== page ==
Belgian architects Pieterjan Gijs and Arnout Van Vaerenbergh have completed a see-through church in Limburg, Belgium.
The ten metre-high church is constructed from 100 stacked layers of weathered steel plates.
Gaps between these plates allow visitors to through through the walls.
With its pointed spire, the building imitates the form of traditional churches in the region.
Gijs Van Vaerenbergh were also responsible for creating an upside dome inside an existing church in Leuven –
Photography is by Kristof Vrancken.
Here are some more details from Gijs Van Vaerenbergh:
Gijs Van Vaerenbergh makes church sculpture as part of art in public space project
Gijs Van Vaerenbergh, a collaboration between young Belgian architects Pieterjan Gijs and Arnout Van Vaerenbergh, have built a see-through church in the Belgian region of Haspengouw. The church is a part of the Z-OUT project of Z33, house for contemporary art based in Hasselt, Belgium. Z-OUT is an ambitious long-term art in public space project that will be realised on different locations in the Flemish region of Limburg over the next five years.
The church is 10 meters high and is made of 100 layers and 2000 columns of steel. Depending on the perspective of the viewer, the church is either perceived as a massive building or seems to dissolve – partly or entirely – in the landscape. On the other hand, looking at the landscape from within the church, the surrounding countryside is redefined by abstract lines.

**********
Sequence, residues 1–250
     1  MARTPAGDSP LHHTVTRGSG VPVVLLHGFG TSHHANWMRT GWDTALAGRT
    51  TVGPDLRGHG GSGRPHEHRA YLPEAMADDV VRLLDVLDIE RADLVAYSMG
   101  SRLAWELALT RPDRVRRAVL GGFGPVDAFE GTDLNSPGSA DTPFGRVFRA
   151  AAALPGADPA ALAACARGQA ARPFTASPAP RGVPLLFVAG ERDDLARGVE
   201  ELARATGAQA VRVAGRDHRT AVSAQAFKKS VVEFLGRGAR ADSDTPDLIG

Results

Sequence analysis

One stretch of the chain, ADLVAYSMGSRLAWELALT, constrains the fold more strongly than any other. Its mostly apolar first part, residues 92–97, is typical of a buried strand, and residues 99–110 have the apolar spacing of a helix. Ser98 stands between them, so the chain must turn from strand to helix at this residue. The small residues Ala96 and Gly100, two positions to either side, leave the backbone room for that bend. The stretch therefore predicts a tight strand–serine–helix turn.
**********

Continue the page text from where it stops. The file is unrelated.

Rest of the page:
The design of the church is based on the architecture of the multitude of churches in the region, but through the use of horizontal plates, the concept of the traditional church is transformed into a transparent object of art.
The project is called ‘Reading between the Lines’ and is a project by the duo Gijs Van Vaerenbergh, a collaboration between young Belgian architects Pieterjan Gijs (Leuven, 1983) and Arnout Van Vaerenbergh (Leuven, 1983).Since 2007, they have been realizing projects in the public space that derive from their architectural background, but clearly display an artistic intention. As such, their projects do not always originate from the customary commission and carry a large degree of autonomy. Their primary concerns are experiment, reflection, a physical involvement with the end result and the input of the viewer.
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